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Poor Learning Environment: A Story That Must Change

Monday, May 30, 2016 - 09:59

Lihimalyalo Kusini is the Primary school in Kilwa district Southern part of Tanzania with a total of 411 student and six classrooms. The school is among of 30 schools participating in Promoting Quality Education Through Progressive Domestic Resource Mobilisation project with the support from NORAD.

The overall goal of the project is to improve quality education for all children in public primary schools to be able to get skills and knowledge to realise their full potentials in adulthood.

Among of the major challenges facing the school currently is inadequate learning infrastructure which forced pre-primary pupils to have their classes organised under the tree for two years. In early 2016 the head teacher and school management committee discussed and agreed to construct a temporary room made of poles,thatch grass and mud to help protect children during their studies.

Studying under the tree affects effective learning as its very difficult to concentrate because in the event of rainy season they were forced to postpone learning sessions. The head teacher Mr Hussein Chadali explained that, even though they have the temporary structure but still its not a friendly learning environment. “The class is congested, its raining, and dust is affecting children and teachers”.Commented Head teacher Mr Hussein.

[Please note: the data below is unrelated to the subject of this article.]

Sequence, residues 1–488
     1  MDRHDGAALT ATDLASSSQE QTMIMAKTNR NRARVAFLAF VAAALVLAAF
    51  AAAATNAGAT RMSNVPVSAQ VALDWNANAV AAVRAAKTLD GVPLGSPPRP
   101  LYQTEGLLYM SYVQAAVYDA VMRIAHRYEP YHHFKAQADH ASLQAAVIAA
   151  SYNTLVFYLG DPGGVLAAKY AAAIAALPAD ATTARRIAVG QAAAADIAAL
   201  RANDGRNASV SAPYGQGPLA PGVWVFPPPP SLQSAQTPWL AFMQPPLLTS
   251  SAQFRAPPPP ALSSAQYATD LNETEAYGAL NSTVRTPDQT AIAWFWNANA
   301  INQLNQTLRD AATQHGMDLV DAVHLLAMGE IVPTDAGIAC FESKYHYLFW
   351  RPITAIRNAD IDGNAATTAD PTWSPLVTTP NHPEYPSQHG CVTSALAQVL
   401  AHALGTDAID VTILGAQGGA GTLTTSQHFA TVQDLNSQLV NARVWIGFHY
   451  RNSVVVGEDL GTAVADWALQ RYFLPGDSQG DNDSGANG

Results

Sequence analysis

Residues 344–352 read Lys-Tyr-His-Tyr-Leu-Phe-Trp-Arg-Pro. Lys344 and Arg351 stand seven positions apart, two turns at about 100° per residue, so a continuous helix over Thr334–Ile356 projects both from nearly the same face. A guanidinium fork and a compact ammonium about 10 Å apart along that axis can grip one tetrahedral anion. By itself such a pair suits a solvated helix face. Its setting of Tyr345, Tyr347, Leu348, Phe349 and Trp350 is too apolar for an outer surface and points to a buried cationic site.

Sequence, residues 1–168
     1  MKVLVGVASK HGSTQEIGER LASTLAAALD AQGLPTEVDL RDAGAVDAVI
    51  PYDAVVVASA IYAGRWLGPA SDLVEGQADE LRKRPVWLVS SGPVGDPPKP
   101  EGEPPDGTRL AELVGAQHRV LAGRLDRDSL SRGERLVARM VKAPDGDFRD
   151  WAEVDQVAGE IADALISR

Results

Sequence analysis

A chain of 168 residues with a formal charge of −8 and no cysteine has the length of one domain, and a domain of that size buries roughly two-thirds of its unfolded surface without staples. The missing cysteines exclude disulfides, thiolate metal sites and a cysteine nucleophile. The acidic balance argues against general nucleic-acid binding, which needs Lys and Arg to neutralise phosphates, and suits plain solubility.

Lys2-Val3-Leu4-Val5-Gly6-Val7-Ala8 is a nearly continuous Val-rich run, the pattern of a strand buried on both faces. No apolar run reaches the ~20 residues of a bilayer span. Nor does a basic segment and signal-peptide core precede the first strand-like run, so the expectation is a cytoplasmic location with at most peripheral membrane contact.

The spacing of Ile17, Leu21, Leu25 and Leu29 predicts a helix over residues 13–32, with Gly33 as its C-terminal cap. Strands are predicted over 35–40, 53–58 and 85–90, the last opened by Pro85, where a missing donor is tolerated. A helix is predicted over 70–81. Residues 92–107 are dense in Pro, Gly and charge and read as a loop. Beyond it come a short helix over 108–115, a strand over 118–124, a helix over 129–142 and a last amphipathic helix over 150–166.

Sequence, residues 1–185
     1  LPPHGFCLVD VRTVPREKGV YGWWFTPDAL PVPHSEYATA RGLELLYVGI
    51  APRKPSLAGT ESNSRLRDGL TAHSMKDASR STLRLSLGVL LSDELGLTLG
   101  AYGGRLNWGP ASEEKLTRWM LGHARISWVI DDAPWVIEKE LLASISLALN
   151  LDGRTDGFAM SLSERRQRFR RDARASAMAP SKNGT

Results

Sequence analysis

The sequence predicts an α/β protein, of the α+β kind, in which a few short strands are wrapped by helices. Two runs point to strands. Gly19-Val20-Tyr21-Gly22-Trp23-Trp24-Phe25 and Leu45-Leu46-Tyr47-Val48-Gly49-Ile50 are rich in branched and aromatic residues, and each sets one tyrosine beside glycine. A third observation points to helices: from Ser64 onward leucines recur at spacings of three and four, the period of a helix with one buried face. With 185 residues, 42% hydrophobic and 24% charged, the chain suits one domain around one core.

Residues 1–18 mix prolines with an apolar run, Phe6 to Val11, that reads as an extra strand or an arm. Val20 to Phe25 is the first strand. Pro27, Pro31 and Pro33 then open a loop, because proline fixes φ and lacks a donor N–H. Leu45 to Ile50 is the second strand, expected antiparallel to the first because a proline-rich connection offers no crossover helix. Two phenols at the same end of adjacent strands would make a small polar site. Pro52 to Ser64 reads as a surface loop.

Community efforts to improve teaching and learning is constrained by resources as the School Management Committee chairperson Mr Salum Omari emphasized.”We are striving to improve the situation but we are constrained with inadequate funding from the government who is the custodian of all public schools”.

According to the National education statistics, enrolment of children in pre-primary education in Tanzania is only 36.9% (BEST2015) and from experience, poor learning and teaching environment in primary schools in general is a contributing factor to this.

The challenge of poor learning environment faced by Lihimalyalo school is also reflected in many other schools in Tanzania which indicates that the government needs to take bold action to change the situation through increasing funding for education sector.

The new education policy, effective from January 2016, addresses some of the major issues that have been prevalent in the Tanzanian education system including making pre primary education compulsory where a child will now not enter primary level without going through a pre-primary class.

This requires massive resource mobilisation to support the initiative for quality improvement. ctionAid and local stakeholders believe that this will be achieved through addressing financial constrains which resulted from poor domestic resource mobilisation.